Every year our family writes a Holiday Newsletter to insert into our Christmas cards. Here is this year's letter formatted as a blog entry. I have previously blogged on several of the topics mentioned and clicking on the links will bring up additional information even longer and more dreary that the letter itself.
Your faithful corespondent has been told, quite clearly, that this year’s Christmas letter is to be completed in time for Christmas. I think last year’s went out in February (or was it March?) Please check the date on the postmark for this letter: if it doesn’t say December, 2006 please pray for me -- I may be in big trouble.
This year has been good to the North Carolina branch of the Haslup clan… for the most part. It did see the passing of Irene’s father, Allan Croft, in August. He had been diagnosed with terminal cancer in 1998 and was given less than two years to live. He managed to add five more active years to that span and he passed away comfortably, having beaten the odds, at least for a while. His ashes were scattered at sea at his request. He is remembered by the Winter Haven, Florida, Little Theater and Public Library, two organizations for which he did years of volunteer work.
Lee – aka. “faithful corespondent” – is working on a contract at the North Carolina Dept. of Environment and Natural Resources. With a team of other programmers, he is working on a system to track the environmental impacts of DOT road projects to make sure they are offset by comparable environmental cleanup projects in the same part of the state. Irene compares it to the medieval church selling indulgences, an analogy which Lee does not altogether support.
After struggling with his weight for forty years Lee has finally found a way to control it and he is down 75 pounds from this time last year (over 100 pounds from his heaviest). He must now resist the urge to stop random strangers on the street and give them advice about weight control. “Hello,” he is tempted to say, “I can’t help noticing that you are really fat. Let me tell you about the viscous fiber supplement that – when combined with a sensible diet – has helped me lose a hundred pounds.” It is an ongoing disappointment to him that such valuable advice is so often badly received. So… he has learned his lesson and there will be no mention in this Christmas letter of PGx fiber (a blend of Glucomannan, Xanthan Gum and Sodium Alginate) nor will there be even the slightest suggestion that readers visit http:// haslups.com and follow the link to his blog entry about his diet. That would be tacky.
a lot of explanation.
In her other poorly-kept secret identity – docent at the NC Museum of Art – she is giving tours of the Monet in Normandy exhibit which is the biggest, most highly attended show ever at the NCMA. Irene will continue to do several tours a week until the show closes Jan 14th. If you hope to attend you might contact Irene for advice: the show sells out every day, usually before noon.
Our children continue to do well. Chris is a Junior at the Ringling School of Art in Sarasota, does a weekend a month with the Army Reserve and works as a barista in a local coffee shop. He formerly worked at Barney’s – a large chain coffee shop – but when Barney’s sold out to Starbucks Chris finally yielded to the requests of the owner of his favorite local coffee shop to come and work for him. As a Junior he has been talking to recruiters who visit the campus. The two he has mentioned are Hallmark Cards and the CIA. If next year’s newsletter has random parts crossed out with black markers you may feel free to conclude that the Hallmark thing didn’t pan out.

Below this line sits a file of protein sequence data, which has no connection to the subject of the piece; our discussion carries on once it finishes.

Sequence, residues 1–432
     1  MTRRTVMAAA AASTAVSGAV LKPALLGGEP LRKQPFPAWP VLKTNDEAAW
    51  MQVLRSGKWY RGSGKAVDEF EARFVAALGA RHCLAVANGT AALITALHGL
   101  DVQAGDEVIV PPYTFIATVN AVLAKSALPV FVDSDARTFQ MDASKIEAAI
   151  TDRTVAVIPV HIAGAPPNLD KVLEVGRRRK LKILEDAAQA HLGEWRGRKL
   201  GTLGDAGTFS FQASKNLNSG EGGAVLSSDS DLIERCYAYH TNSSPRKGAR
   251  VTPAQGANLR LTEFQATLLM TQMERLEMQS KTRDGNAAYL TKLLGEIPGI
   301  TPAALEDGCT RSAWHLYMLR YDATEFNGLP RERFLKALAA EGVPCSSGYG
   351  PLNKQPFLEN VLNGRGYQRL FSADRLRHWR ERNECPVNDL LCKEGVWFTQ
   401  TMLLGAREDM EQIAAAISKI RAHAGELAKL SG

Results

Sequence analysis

Amber works at the Carolina Living and Learning Center, a home for adults with Autism in Pittsboro, NC. She is currently applying to medical schools where she hopes to specialize in psychiatry. Her scores on the MCAT test were good and she is hopeful about acceptance but, as of now, she hasn’t heard back from most of the schools. She lives in Chapel Hill with a roommate, her two ferrets, and a cat she found as a newborn kitten in the middle of the road on her way to work. I suggested that she should name the cat “Speedbump” but Amber let her roommate pick out the name: Annie Teacup.
This past summer included two family reunions. The first was the 100th annual Fahl-Motts family reunion in Canton, Ohio. (see this and this and this) The Mottses are Lee’s paternal grandmother’s people and the reunion gave us an opportunity to catch up with second and third cousins. The Carlisle Inn in Walnut Creek, Ohio, is run by the Amish and was charming. The furniture in the hotel was all locally-made Amish work and was beautiful.. The site of the hotel is quite picturesque, in the middle of an Amish agricultural area outside town. One young lady stepped out onto the balcony to check out the view and asked her Aunt Irene: “What’s that smell?” Irene grew up on a cattle ranch in Florida and she knew. “Those are cows,” she said.
Dad and I with assorted nieces at "Beach" Week.
The other reunion was the Haslup family “beach week” reunion, held at Disney World (with no actual beach time this year). We stayed at “Pop Century” – one of the more reasonably priced Disney hotels. It was very enjoyable and Irene was able to get away to spend some time with her father. (See this and this.)
I will not mention of our two dogs, Cello and Jaxon, this year. They simply haven’t done anything interesting. But please don’t tell them. They are quite content with their humdrum lives. Why spoil it for them?
Most of the topics mentioned here – reunions, Halloween costumes, etc. – are covered in more length in my weblog. Links to the postings are available at http:// haslups.com. I’ll be glad to provide paper copies to anyone who asks.
With warmest wishes for a Merry Christmas and the Happiest New Year,
Lee, Irene, Chris and Amber